Preparing a Literature Review
Literature reviews are articles that provide a clear, up-to-date account of the topic and are aimed at non-specialists from all over the world.
A literature review should include a broad update of current research developments related to the topic under review (from the past 3 to 4 years) and their likely clinical applications.
It may be helpful to consult previous editions of the TSMJ or other publications to familiarise yourself with the structure/content of a review article.
They should be in the region of 2000-2500 words in length excluding text in boxes, figure legends and references. There should be no more than 30 references (where possible).
Below is a basic outline of the structure of a literature review:
The title should be clear, concise, and informative – the reader should have an idea of what the review is about. No abbreviations are used in the title. You may wish to create a “catchy” title to capture the attention of the reader – the decision to read an article often rests on the appeal of its title. However, it should contain key words related to the content of the review.
Designation, degree, affiliation and address of all authors are to be clearly indicated, with additional details such as telephone number and/or email address of the corresponding author.
- Cover each and every component of the review in no more than 200 words.
- State the purpose of the review, an overview of the subsequent sections, the principal conclusion and implications.
- Should contain precise information and no abbreviations.
- Should be 100-200 words
- Explain what the review is about, why it is important to non-specialists and what will be covered in the subsequent sections.
- Answer the question “Why should I read this review?” as posed by a non-specialist in the area.
- Include literature to introduce and support your points.
The Body of the Review
- The body of the text should be broken up under “reader-friendly” sub-headings.
- Subheadings may be in the form of questions. (Example: “Who gets it?” “How is it diagnosed?” “What new treatments can we expect?”)
- Specialist terminology should be explained, and all abbreviations and acronyms written in full.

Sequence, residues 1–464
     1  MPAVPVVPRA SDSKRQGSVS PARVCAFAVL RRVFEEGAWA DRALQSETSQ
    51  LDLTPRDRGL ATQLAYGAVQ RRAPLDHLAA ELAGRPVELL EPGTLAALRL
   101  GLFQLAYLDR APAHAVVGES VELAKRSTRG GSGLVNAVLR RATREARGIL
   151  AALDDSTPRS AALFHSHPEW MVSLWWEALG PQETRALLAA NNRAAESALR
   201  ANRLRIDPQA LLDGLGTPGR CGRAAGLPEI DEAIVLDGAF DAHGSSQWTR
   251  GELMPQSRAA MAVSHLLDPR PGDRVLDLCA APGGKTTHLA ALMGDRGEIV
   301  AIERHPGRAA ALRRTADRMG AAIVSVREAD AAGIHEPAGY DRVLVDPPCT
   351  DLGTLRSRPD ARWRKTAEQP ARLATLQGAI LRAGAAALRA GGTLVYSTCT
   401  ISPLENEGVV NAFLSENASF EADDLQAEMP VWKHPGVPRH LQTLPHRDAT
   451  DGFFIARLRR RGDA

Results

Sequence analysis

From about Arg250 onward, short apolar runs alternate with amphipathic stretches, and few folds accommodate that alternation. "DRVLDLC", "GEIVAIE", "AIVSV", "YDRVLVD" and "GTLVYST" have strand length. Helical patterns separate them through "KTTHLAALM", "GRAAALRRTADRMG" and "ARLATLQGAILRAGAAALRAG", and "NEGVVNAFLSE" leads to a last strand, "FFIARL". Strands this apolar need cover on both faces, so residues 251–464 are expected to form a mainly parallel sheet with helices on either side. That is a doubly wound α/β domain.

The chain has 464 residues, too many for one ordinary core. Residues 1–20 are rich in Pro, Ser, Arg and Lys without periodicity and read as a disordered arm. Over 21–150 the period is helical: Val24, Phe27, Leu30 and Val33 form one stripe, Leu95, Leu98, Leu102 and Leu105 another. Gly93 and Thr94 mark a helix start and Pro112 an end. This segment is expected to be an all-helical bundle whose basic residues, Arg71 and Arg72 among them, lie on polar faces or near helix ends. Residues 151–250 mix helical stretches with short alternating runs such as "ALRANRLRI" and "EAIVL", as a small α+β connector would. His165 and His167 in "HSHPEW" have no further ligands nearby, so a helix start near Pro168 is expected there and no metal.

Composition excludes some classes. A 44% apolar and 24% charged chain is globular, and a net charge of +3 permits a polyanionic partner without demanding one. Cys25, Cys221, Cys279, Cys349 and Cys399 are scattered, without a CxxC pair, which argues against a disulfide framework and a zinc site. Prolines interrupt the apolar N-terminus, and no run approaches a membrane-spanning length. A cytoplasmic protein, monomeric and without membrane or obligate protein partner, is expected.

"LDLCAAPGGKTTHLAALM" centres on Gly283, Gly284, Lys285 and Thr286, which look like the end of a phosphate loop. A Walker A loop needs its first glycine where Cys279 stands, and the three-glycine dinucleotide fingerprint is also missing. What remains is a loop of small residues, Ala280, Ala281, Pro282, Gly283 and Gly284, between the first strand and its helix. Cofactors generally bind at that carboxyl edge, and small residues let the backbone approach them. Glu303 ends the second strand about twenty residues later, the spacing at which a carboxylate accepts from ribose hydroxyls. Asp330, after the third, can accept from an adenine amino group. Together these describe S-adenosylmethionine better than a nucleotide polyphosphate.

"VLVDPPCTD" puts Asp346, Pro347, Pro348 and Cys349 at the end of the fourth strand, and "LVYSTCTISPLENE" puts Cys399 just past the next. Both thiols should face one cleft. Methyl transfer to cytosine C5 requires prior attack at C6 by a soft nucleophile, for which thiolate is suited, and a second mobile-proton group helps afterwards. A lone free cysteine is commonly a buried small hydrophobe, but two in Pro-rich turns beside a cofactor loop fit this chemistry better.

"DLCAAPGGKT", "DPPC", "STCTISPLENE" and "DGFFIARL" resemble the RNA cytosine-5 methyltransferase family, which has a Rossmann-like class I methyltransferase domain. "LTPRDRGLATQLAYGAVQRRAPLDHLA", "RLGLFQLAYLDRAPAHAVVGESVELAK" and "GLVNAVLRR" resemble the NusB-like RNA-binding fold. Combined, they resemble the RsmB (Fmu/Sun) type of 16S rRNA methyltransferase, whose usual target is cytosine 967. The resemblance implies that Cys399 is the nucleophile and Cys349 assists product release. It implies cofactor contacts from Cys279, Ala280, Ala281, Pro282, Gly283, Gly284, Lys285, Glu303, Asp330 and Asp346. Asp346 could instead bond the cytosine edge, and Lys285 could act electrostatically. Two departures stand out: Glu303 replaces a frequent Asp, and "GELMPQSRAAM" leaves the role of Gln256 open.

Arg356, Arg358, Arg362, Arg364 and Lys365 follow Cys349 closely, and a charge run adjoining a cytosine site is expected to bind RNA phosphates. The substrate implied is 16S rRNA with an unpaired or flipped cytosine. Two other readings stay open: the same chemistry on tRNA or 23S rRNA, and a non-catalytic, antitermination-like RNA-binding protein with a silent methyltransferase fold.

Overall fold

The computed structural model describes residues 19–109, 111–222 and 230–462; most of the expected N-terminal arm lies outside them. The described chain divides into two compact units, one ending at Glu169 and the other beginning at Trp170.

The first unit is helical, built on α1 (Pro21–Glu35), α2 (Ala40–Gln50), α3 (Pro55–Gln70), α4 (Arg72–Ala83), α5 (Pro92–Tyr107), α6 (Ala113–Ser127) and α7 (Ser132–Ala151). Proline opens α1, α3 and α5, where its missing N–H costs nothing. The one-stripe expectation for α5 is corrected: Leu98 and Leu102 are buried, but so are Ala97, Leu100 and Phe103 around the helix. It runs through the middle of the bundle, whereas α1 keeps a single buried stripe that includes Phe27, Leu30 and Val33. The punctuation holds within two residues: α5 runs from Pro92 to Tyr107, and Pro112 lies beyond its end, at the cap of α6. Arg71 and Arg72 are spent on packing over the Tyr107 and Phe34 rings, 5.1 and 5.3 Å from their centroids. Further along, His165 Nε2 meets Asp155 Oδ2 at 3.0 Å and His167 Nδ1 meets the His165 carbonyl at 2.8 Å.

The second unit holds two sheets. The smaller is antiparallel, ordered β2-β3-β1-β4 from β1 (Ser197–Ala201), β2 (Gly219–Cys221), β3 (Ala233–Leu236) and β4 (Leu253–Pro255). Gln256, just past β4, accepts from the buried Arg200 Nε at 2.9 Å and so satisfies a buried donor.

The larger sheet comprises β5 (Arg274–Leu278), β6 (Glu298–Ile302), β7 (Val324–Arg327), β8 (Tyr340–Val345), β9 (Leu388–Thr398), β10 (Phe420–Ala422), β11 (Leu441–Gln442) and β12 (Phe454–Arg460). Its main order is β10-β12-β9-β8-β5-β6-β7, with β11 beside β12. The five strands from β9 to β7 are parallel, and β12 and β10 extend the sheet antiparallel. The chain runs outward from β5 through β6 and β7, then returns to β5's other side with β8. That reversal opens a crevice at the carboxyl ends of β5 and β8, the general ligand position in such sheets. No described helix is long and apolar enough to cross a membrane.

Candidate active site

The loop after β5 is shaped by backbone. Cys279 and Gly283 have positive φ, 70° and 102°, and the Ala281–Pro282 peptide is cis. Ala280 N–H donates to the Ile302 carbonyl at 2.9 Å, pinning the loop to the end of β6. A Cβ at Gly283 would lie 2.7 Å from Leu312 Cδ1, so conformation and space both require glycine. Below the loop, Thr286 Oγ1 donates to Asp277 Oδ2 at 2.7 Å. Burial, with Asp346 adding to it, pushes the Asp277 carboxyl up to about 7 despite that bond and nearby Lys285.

- Clarify the evidence on which the key statements in the review are based, and the strength of the evidence (published trials, systematic reviews, observational studies, expert opinion) throughout the paper.
- Where evidence is lacking or is of poor quality we expect you to say so.
- Remember that any advice on managing patients may not apply worldwide – clarify if your advice is country-specific.
Note: We expect to find sentences structured in the following ways:
“A large, well-conducted randomised trial found that…”
“The findings of a small case series suggest…”, and so on.
- This section should be short and briefly summarise the review.
- Come to conclusions about the topic of interest.
- Look to the future in the area of interest.
- Do NOT introduce any new information here.
- Can be clinical photographs, line drawings, and flow charts.
- Remember that we need informed consent from patients for any material you obtain from patients (including X-rays, histology slides, and so on).
- Titles and subheadings should be in bold and in 24pt and 16pt font size respectively. The remainder of the text including author names, references and figure legends should be in size 12 font. Any standard font is acceptable e.g. Times New Roman.
- A single clear paragraph space should be left between each title and its text, between each paragraph and between the end of a paragraph and a new heading.
Figures and Tables
- We highly encourage the inclusion of figures, photos, illustrations and tables. Please make sure you are not in breach of copyright. We encourage authors to make their own figures (where possible to respect copyright laws) using PowerPoint and freely available biomedical image banks like Servier Medical Art.
- Please ensure they are fully labelled with accompanying legends at the end of the manuscript after the references section.
Articles referenced in the text should be cited by name and year e.g. (Quinn and Hamilton, 2014) when there are two or less authors or (Quinn et al, 2014) if there are more than two authors.
In the references section we ask that references are listed in alphabetical order as bullet points. Our referencing style is in the APA format an example of which is as follows:
Hiraiwa, K., Elliott, M., Hogg, J. C., & Van Eeden, S. F. (2015). Effect Of Statins On The Retention Of Ambient Particulate Matters (pm) In COPD. Am J Respir Crit Care Med, 191, A5804.
References in this style can be found by clicking on the ‘cite’ button under the article you wish to reference on the search results page on Google Scholar.
This section is to acknowledge the work of anyone who contributed with the research but who is not listed as an author. This section comes after the conclusion.
Conflict of Interest Statement
We request that all authors declare whether there are any personal or financial or other factors that may have influenced their work. If there are no such factors, then please declare no conflicting interests after the acknowledgements section and before the references.
Publishing Agreement and Patient Confidentiality
A publishing agreement must be signed and completed by all authors as well as a declaration that informed consent was gained for any patient cases and for all materials that may allow for patient identification. The document can be downloaded by following this link: http://tsmj.ie/wp-content/uploads/2015/10/Publishing-agreement.docx